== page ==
I’ve just completed another beginner’s social media management session with local authority colleagues. I’ve lost count of how many I’ve done but in the past five years, the questions and concerns don’t seem to have changed much. So, if it’s any help to anyone, I thought I’d run through some of the common ones.
“We’re very busy people who have little time to dedicate to social media”
Delegate. Draw up a rota and take a day each. You won’t be on it all day anyway but at least everyone knows who’s keeping an eye on things. And when you have time, train up more colleagues to spread the load.
Forget channels for a moment. Having a Twitter account isn’t of itself, an outcome; what do you want to achieve? Web traffic? sales? bums on seats? That’s how you can start to measure your success.
Sit down for half an hour and talk about the kind of things you could talk about. Why not create a spreadsheet for the month or year, populated with all the key events and diary dates relating to your service? Add national holidays and even major sporting events. There are lots of opportunities to piggy-back on big stories but as Ron Burgundy says, stay classy; there are some really clunky examples out there. Now you’ve got a basic framework where you’ll never be lost for words. This gives you space to get creative and be topical the rest of the time.
4 Content Marketing
Be an authority. Make your account the go-to place for people interested in Planning, Health & Safety or whatever your department covers. Use trusted, credited content from other sources, videos, blogs, media stories. If you provide a wide range of content, why would followers need to go anywhere else?
5 Stand out from the crowd
Facebook posts or Tweets without images will be lost in the noise. Explore making micro videos; short 30 or 40 second clips on specific topics “How to submit a planning application online”. Facebook lets you load video files directly so that they play as soon as your customer scrolls over the post on their timeline. Twitter takes short video clips too. But always post on YouTube as well. It’s one of the biggest search engines, so tag your films with the topics you’re covering.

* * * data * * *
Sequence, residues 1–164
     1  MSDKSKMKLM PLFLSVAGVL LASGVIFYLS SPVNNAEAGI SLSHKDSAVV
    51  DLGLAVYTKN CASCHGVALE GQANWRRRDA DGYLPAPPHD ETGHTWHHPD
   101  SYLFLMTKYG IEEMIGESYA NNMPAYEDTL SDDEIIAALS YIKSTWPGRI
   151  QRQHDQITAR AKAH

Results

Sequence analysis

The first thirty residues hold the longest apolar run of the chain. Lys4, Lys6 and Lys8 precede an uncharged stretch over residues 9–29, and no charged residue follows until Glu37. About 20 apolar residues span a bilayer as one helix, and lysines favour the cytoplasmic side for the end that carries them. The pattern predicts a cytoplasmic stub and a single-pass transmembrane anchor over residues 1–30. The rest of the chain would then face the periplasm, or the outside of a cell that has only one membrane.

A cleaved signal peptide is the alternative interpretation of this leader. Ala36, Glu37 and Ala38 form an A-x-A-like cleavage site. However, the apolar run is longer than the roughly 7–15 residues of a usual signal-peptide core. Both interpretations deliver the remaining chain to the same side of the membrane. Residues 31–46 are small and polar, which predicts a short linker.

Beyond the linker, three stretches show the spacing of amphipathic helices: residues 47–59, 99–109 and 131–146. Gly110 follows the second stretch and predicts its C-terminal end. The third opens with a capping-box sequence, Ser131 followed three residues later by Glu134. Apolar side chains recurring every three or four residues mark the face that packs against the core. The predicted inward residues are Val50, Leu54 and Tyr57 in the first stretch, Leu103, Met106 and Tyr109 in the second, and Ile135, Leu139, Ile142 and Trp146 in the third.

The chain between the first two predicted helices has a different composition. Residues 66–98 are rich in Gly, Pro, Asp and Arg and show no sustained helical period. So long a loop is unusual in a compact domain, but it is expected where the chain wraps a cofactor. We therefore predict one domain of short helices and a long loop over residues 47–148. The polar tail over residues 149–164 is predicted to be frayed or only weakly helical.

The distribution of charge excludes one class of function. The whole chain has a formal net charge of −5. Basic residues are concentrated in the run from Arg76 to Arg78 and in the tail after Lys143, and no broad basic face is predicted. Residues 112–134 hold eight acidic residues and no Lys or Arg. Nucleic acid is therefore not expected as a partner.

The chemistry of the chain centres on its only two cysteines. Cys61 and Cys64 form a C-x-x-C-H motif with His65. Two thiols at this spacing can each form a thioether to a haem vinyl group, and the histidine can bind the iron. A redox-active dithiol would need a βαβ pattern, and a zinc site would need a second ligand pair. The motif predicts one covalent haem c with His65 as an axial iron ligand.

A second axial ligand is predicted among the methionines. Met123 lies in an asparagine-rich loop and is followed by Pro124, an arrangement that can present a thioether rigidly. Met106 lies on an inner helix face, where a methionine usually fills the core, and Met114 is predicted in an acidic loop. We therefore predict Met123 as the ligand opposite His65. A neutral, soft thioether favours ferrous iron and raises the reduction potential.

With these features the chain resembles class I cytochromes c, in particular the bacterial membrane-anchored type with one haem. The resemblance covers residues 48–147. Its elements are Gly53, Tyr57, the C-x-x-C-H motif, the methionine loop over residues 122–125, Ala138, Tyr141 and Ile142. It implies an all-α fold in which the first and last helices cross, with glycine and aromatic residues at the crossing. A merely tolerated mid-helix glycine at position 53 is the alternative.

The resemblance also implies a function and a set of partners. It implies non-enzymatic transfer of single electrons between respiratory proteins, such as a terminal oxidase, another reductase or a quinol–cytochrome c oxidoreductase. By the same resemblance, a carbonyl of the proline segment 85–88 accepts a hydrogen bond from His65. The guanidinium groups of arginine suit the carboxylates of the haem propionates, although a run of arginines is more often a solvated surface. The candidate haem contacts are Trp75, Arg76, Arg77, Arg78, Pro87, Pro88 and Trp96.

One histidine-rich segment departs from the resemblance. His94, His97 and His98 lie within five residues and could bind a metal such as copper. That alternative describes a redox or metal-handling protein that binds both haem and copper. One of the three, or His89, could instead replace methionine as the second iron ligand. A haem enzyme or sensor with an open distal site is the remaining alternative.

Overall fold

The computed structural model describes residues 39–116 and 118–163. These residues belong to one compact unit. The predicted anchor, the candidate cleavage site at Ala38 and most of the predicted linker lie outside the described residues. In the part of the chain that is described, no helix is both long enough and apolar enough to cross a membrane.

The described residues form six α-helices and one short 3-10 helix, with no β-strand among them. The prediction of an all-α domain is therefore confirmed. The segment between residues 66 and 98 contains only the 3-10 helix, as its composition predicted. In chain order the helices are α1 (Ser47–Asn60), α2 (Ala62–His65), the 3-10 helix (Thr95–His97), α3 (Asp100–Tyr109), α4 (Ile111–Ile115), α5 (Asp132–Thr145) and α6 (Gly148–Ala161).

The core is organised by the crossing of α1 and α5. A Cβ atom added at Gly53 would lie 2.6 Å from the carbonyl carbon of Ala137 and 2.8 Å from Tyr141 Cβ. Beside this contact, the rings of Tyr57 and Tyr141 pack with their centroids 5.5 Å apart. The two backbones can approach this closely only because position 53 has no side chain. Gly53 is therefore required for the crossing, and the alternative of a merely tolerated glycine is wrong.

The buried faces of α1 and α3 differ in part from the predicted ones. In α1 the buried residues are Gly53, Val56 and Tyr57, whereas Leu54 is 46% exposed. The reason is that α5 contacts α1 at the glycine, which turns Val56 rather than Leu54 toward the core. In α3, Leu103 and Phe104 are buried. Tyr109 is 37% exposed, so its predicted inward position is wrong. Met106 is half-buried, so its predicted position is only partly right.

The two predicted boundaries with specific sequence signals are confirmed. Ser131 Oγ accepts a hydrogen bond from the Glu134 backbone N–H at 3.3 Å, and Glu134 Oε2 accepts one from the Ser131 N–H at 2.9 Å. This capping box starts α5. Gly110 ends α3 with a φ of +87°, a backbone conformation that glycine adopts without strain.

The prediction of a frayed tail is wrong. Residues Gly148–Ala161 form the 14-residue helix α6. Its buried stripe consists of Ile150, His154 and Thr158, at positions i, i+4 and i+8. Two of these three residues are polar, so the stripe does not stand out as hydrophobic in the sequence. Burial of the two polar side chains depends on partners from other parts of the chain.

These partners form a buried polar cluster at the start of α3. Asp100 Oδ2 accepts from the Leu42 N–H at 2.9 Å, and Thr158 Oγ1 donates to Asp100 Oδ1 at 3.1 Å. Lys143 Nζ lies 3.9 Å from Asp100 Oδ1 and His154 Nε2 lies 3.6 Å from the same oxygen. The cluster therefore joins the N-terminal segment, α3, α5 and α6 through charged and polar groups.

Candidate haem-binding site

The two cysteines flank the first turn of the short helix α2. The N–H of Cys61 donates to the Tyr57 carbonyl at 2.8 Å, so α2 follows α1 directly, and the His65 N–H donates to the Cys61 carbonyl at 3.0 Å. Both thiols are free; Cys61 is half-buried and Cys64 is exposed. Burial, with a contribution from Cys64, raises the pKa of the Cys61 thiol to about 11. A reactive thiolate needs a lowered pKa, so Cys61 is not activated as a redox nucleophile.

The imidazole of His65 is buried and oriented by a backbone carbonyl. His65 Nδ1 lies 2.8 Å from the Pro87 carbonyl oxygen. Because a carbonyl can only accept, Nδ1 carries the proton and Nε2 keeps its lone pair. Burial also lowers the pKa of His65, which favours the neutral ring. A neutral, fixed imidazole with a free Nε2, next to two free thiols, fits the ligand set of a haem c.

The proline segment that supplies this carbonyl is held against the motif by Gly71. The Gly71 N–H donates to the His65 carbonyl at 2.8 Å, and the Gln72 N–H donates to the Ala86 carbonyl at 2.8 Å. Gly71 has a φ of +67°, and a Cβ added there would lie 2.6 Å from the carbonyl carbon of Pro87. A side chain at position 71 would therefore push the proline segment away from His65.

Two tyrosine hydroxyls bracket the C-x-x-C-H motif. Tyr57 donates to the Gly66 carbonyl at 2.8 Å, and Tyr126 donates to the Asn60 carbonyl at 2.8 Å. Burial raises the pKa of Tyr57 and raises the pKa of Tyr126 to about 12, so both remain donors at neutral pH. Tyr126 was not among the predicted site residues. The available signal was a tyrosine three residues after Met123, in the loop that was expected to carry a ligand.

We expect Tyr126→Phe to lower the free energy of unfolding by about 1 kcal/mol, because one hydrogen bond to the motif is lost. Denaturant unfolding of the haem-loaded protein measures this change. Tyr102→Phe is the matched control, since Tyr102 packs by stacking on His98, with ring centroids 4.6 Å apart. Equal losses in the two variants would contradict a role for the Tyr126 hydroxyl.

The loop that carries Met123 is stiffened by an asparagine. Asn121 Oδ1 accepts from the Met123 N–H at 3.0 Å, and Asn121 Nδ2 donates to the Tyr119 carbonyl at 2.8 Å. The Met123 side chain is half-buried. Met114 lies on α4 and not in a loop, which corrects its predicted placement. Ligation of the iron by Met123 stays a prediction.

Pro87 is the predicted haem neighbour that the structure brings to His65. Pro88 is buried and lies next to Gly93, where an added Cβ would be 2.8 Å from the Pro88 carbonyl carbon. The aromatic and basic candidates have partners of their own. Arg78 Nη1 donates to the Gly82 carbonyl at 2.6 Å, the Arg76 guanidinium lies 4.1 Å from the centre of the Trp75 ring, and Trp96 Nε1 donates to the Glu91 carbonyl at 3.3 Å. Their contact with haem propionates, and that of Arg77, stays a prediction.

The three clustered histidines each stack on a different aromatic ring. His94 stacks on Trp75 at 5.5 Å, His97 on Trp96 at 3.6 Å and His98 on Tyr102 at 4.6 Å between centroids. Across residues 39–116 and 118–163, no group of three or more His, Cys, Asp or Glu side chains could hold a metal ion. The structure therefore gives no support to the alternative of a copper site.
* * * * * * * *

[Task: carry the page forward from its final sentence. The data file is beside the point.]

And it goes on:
6 Find Your Voice
Authoritative but not shouty would be my best advice. Be friendly but not too chummy. If you’re not funny, don’t try and be funny. If posting on social media fills you with dread, go on Twitter and Facebook and lurk. Watch how other organisations do it and you’ll soon pick it up.
7 Listen and Respond
Pay attention. It’s called social media for good reason. Don’t bellow down your megaphone, you can have exchanges on social media, and being attentive and responding in good time builds trust in your audience. It also builds advocacy and that’s the best kind of marketing.
8 Measure, measure, measure
Facebook and Twitter analytics are free, use them. Try A/B testing messages; one with a picture, one without, different times of day. Learn what works but stay alert, things are changing all the time.
9 Be selfish
For your personal, professional development, get your own Twitter account. Follow people and organisations who do a similar job to you, find the innovators and the sharers and learn from them; I did. How else do you think I got started?
10 Pay It Forward
When you learn stuff, be generous and pass it on.
Finally, as a wise person once said “We’re all born stupid but it takes a certain kind of dedication to remain that way”. Everything you need to know is online if you care to search for it. The social media landscape is fluid; stay inquisitive, stay alert.
Fondly dedicated to all the sharers out there. You know who you are.